And yet he was in a position to do something about the road to his village. His old mother should go through the rigour of the dangerous road while he waited in his suite in a 5-star hotel. The World Bank thinks that if the countries in Sub-Saharan Africa would connect their major cities by upgrading their primary road network there could be an increase in regional trade to the tune of $250 billion in five years. Most African countries don’t think long term and Nigeria is probably the worst culprit in this respect. Our business today is not with roads in Sub-Saharan Africa. That can wait. Nigeria’s roads are really horrible, especially federal roads. I have travelled on some of them: Calabar-Itu Road, East-West Road, Port Harcourt-Yenagoa Road, Lagos-Ibadan-Ife Road. It is no fun to be on those roads at any time, day or night.
For a long time our roads have been badly neglected by the Federal Government. The roads in some of the states are better because the people are close enough to harass their Governors. But who can get into the impregnable Aso Rock to harass President Muhammadu Buhari? Besides, many Nigerians do not even know the difference between Federal and State roads. But a few years ago, Babatunde Fashola who was the Governor of Lagos State allowed us to know the difference. Wherever he was repairing any Federal Government road in Lagos, he mischievously planted a sign board that said: “This is a federal road but we are fixing it. Please bear with us.” That was when Dr. Goodluck Jonathan of the PDP was the President.
So Fashola’s tactics was good opposition politics. It would be magical if Fashola could kindly plant a sign board on a state road with the inscription “This is a state road but we are fixing it. Please bear with us.” That will not happen. But we request him to do the less magical one by placing a board that says “This is federal road and we are fixing it. Please bear with us.” That is what people would want to see him do: fix federal roads and not bother whether or not people are exaggerating about the horrendous and horrifying state of our roads, because they are truly horrendous and horrifying.
Right now some states are repairing federal roads. That is an anomaly, evidence of our untrue federalism. But they repair the roads because the bulk of their people ply those roads. So why does the Federal Government want to own roads that it is not ready, willing or able to maintain? Why would the Federal Government not give up responsibilities that it knows it is ill equipped to handle by pushing for a redistribution of responsibilities between it and the States? In the 2018 federal budget, the Government said it would spend about N295 billion on road construction, expansion and maintenance. It also decided to raise a debut sovereign Sukuku of N100 billion to fund the construction and rehabilitation of 25 high impact roads across the country.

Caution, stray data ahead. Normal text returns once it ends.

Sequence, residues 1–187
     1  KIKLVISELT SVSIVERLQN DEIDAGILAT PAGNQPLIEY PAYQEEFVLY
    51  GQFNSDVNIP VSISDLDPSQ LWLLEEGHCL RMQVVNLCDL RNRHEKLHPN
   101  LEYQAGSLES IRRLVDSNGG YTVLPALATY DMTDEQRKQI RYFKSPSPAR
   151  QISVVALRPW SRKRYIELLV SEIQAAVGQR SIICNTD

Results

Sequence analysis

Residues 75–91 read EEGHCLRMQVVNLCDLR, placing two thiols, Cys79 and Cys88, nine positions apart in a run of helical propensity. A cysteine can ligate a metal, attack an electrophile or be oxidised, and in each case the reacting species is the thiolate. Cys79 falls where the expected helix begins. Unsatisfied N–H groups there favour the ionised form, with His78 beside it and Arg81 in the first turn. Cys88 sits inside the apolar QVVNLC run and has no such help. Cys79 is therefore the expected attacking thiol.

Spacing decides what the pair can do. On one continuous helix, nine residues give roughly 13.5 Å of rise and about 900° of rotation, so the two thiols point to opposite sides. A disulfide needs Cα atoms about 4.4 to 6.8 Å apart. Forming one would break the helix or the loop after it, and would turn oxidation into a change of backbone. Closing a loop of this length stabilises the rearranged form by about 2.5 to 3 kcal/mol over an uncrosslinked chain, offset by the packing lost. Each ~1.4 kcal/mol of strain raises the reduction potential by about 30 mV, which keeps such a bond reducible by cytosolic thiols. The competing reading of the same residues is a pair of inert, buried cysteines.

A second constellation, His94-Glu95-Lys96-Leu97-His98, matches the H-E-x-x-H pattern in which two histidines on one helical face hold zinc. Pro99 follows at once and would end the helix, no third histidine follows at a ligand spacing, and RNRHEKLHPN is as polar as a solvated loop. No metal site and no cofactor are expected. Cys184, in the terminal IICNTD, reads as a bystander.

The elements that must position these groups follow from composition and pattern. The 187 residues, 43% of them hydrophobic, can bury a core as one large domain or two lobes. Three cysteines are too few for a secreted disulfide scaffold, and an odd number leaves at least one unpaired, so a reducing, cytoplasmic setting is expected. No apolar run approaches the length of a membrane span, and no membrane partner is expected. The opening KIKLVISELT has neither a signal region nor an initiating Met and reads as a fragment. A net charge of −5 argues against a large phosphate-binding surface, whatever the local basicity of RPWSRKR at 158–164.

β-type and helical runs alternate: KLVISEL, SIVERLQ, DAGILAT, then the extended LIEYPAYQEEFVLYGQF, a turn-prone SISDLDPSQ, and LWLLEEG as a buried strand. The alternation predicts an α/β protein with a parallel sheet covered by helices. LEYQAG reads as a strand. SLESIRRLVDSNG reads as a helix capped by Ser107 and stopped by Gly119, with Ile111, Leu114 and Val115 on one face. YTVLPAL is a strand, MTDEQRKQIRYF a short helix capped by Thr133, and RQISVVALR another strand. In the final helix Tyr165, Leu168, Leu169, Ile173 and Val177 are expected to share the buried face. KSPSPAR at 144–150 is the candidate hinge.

We seem to hear of these fabulous figures only at budget time. No one, not even the National Assembly, tells us whether or not these monies were released and the projects executed or whether the monies simply put on their wings and flew away from the treasury. No accountability. No transparency. We are simply flying blind. Several people have called on the Federal Government to declare an emergency on roads. That is the height of their frustration. Other people have also called for an emergency on education, health, electricity and infrastructure. That is a potent evidence of our all-round decline in virtually every aspect of our national life. But we can’t take the country into an emergency ward for surgery because there is no such surgeon in the world that can do the operation.
The government has threatened to re-erect toll gates that were dismantled a few years ago. I have no problem with toll gates if the money collected would be used in fixing the roads. Every government in Nigeria charges motorists for road-worthiness certificates on their vehicles. Yes, we are compelled to drive vehicles that are road worthy but the governments never provide us with roads that are vehicle-worthy. Mr. Fashola and all the other persons in charge of roads in the country should pay attention to giving us roads that are vehicle-worthy instead of telling us stories that will not stop us from showing our rage on the state of our ramshackle roads.